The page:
From Elena Ferrante and Mara Cerri

I miss Jenny Diski, because there will be no more new great books from her — as there have been several, Skating to Antartica, What I don’t Know About Animals, Apology for the Woman Writer. I need to read much more by her — the way I am reading Woolf nowadays. I have become deeply engaged, now reading Orlando. I must make the next blog for Austen reveries after I finish the JASNAs one on Ferrante, wade into this controversy about her attempt to remain anonymous.

Miss Sylvia Drake

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You can’t be forever blessed ….

Dear friends and readers,

Summer is undeniably here now (I went swimming in our Alexandria Community Center this afternoon), and I’ve kept up my usual busy schedule, trying to join in where I can. It seems to me I’m in yet a new phase of grief or living without Jim. Time is a tube I move through, some strange fantasy place, the time as this tunnel of space all around me, that itself has a floor that I keep moving on like some amusement park walkway. I wonder where I am on this road as I carry on. How far I’ve gotten. How far to go. It is continuous and feels slow during the day and yet the days, weeks, months now whizz by. No one to put the burden of being alive off on, no letting go, sharing it, but by myself to keep it up. For me being alone is tiring.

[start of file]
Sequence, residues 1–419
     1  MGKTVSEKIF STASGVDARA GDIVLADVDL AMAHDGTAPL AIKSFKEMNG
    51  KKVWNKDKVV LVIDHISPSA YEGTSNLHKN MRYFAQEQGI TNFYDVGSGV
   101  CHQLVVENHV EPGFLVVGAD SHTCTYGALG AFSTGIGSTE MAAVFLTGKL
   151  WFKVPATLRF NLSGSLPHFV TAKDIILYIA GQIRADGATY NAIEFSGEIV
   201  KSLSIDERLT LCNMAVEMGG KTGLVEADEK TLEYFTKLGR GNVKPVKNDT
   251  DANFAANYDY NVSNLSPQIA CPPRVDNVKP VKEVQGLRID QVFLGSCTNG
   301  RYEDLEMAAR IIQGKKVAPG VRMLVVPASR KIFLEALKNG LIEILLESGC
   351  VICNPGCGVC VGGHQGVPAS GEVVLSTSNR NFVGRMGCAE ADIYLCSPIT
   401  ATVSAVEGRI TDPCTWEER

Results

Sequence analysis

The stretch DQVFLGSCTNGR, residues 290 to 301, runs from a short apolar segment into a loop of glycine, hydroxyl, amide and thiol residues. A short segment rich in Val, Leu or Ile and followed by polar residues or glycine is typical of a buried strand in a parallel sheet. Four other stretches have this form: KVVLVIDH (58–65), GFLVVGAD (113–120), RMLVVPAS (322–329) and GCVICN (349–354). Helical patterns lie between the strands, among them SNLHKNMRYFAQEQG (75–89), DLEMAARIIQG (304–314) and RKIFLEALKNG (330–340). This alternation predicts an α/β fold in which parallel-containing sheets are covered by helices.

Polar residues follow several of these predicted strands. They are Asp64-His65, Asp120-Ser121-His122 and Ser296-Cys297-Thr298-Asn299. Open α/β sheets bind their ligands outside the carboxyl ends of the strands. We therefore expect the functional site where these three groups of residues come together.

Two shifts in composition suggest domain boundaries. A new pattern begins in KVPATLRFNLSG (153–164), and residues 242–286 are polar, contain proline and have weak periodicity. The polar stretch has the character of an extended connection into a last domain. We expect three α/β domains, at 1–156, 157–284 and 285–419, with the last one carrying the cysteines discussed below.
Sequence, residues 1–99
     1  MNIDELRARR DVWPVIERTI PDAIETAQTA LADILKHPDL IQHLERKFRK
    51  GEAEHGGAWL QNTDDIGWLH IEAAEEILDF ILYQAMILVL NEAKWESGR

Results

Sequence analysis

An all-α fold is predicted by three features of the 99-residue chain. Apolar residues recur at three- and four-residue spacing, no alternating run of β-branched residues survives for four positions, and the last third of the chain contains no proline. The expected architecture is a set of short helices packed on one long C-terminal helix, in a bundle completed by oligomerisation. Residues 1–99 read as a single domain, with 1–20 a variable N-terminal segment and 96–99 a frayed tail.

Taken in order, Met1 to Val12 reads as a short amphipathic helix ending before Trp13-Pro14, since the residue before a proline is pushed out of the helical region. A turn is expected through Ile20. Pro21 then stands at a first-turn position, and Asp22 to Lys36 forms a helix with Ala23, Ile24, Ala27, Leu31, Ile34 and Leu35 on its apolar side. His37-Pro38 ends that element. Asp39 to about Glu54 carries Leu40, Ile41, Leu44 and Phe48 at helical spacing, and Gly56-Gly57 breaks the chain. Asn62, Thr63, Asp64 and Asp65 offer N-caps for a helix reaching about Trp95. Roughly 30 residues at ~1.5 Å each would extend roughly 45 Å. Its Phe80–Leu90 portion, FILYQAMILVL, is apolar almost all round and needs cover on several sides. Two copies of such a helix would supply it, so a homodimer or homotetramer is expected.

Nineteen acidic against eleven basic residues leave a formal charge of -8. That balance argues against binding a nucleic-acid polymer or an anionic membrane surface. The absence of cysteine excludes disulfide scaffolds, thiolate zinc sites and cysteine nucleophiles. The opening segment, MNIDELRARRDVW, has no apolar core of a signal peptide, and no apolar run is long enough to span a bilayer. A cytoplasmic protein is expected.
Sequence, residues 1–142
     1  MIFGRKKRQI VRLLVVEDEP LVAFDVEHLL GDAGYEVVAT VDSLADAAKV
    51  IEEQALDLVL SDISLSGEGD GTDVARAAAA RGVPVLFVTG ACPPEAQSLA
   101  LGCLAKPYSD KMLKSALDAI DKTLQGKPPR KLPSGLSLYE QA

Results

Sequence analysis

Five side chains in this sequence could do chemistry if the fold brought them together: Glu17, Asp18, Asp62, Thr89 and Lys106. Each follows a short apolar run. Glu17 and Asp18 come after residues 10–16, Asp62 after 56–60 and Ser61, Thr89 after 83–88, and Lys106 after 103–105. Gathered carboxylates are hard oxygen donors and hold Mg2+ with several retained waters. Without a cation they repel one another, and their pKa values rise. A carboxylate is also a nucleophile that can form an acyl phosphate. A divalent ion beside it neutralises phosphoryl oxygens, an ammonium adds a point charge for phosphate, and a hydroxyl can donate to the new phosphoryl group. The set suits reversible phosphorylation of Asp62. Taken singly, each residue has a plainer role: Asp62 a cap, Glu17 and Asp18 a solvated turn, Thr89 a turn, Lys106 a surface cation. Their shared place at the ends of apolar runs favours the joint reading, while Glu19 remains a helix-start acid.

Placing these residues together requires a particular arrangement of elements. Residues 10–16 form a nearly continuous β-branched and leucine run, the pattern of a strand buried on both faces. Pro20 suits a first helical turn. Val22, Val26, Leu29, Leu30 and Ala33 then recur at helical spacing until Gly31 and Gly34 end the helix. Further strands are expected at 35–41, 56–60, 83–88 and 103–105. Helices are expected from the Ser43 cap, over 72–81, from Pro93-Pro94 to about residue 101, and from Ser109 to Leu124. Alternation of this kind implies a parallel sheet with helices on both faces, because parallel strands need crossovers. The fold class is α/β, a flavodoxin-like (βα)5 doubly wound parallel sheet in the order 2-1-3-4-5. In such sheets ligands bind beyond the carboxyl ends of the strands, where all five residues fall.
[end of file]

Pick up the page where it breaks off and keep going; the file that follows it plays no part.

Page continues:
The lone widow. Vedovo parlando. Companionless. Above the women in Calendar Girls (one of my favorite movies, among the first I ever bought a DVD for): the movie shows us their individual stories and most of them are alone when we meet them (prophetic): that’s why the WI means so much. Divorced, separated, with a daughter, a few with husbands with whom there is little companionship. In the gym where I go, at OLLI, the women outnumber the men 4 to 1. (True, the manifestation of gender is skewed as many men don’t join such groups.)